We’re having a great and relaxing time since we arrived in Bandon a month ago. Traveling every week or two can be stressful. The simplest of chores like finding a grocery store or figuring out how to maneuver the motorhome into an unfamiliar gas station can get old. In the past month, we’ve found our favorite pizza joint, memorized the aisles in the grocery store and even have a PO Box and library card. We feel like one of the locals!
We work Friday, Saturday and Sunday from 10 AM to 2 PM. During our shift, we train our spotting scopes on nesting birds just off the coast and invite visitors to have a look. We explain the birds’ migratory and nesting habits and do our best to answer questions. At the end of each work day, we head back to the motorhome for a long nap. I don’t think we could ever go back to a “real” job.
Many of the rocky islands off the beach are named after their appearance. First-time tourists hear about these and often ask “Where is Elephant Rock?” or “Where is Face Rock?”. The kids see the resemblance right away but often the adults do not.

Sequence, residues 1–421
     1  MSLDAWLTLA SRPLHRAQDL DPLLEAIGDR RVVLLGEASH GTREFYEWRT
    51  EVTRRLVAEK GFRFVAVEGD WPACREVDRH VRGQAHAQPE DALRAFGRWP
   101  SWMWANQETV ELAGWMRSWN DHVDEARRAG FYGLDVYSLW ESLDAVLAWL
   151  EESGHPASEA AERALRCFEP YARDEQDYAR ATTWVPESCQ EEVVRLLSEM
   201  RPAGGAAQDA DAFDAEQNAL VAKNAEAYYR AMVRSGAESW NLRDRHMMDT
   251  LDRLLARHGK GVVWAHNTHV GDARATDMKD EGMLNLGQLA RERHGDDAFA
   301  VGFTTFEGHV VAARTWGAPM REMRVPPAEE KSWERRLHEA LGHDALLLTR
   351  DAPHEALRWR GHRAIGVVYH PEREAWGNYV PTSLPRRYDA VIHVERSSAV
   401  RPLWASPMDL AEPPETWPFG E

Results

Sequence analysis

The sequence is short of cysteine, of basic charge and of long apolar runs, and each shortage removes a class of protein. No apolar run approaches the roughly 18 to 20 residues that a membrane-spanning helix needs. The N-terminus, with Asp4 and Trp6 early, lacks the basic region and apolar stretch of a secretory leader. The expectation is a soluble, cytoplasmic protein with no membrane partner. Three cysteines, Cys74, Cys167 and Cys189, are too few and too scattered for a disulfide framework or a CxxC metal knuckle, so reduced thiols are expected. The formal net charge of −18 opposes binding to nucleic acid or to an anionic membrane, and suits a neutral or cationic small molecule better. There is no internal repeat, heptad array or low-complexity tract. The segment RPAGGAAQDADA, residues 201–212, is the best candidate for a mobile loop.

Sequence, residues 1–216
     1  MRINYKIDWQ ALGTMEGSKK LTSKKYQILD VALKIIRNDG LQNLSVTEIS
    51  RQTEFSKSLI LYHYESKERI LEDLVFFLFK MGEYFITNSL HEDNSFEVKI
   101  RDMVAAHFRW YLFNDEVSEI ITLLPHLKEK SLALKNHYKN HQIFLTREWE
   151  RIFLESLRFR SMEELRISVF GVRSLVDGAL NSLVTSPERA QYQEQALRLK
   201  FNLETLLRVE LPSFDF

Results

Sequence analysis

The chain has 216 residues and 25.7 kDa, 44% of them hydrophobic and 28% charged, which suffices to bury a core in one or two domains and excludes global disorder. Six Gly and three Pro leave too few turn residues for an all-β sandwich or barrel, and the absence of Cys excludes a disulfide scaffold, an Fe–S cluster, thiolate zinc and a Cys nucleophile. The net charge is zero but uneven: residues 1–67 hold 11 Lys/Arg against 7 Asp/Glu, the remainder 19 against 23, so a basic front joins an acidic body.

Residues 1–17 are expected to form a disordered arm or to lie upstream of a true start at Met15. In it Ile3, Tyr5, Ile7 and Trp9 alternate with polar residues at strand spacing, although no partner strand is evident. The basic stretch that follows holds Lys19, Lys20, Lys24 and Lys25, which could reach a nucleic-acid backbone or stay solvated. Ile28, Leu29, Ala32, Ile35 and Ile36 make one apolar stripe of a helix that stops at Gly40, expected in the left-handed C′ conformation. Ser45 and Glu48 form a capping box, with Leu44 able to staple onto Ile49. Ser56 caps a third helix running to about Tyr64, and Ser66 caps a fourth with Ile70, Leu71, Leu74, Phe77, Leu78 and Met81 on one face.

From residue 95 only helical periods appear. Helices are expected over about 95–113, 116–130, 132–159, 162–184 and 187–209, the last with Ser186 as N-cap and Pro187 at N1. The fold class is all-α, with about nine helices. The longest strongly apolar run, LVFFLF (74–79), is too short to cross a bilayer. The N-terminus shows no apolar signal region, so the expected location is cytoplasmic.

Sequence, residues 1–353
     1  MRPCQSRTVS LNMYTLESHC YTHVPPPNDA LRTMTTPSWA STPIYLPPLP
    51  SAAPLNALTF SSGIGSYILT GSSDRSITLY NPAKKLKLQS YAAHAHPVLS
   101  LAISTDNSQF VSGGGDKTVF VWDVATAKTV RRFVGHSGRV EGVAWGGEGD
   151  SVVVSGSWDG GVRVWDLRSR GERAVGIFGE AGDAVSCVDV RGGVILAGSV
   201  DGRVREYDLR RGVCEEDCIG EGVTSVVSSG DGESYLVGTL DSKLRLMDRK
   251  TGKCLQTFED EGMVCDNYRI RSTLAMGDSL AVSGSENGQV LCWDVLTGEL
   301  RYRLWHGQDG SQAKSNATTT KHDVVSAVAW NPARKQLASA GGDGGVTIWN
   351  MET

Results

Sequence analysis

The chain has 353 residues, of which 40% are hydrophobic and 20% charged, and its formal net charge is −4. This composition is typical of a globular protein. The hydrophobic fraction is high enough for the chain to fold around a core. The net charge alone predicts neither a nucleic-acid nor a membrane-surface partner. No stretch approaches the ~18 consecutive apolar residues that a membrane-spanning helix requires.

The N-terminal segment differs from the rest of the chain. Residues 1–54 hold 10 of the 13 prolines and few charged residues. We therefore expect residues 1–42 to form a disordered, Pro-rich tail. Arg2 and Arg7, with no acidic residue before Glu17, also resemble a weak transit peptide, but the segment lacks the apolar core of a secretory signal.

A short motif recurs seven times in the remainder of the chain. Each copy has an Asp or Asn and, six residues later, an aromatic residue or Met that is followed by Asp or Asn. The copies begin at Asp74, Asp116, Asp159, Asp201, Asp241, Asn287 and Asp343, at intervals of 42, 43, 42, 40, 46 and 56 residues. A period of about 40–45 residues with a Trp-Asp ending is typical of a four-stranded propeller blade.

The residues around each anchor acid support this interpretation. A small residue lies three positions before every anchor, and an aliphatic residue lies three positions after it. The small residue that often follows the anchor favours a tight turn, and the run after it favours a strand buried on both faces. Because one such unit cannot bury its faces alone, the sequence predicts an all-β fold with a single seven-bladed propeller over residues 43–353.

Cindy and I come here even on our days off. We’ve gotten to know the few nesting black oystercatchers and their newly hatched chicks. We feel it’s our duty to check on them every day.
The most popular bird with the tourists and locals is the tufted puffin. We usually see one or two during our work days but they’re too far away to photograph. I found this picture on the internet which illustrates their appeal:
Even though I haven’t been able to photograph a puffin up close, I have found other interesting birds to photograph.
A lot of the tourists come to see the seals. While we concentrate on the birds, our fellow volunteers down on the beach focus on seals and wildlife in the tidal pools.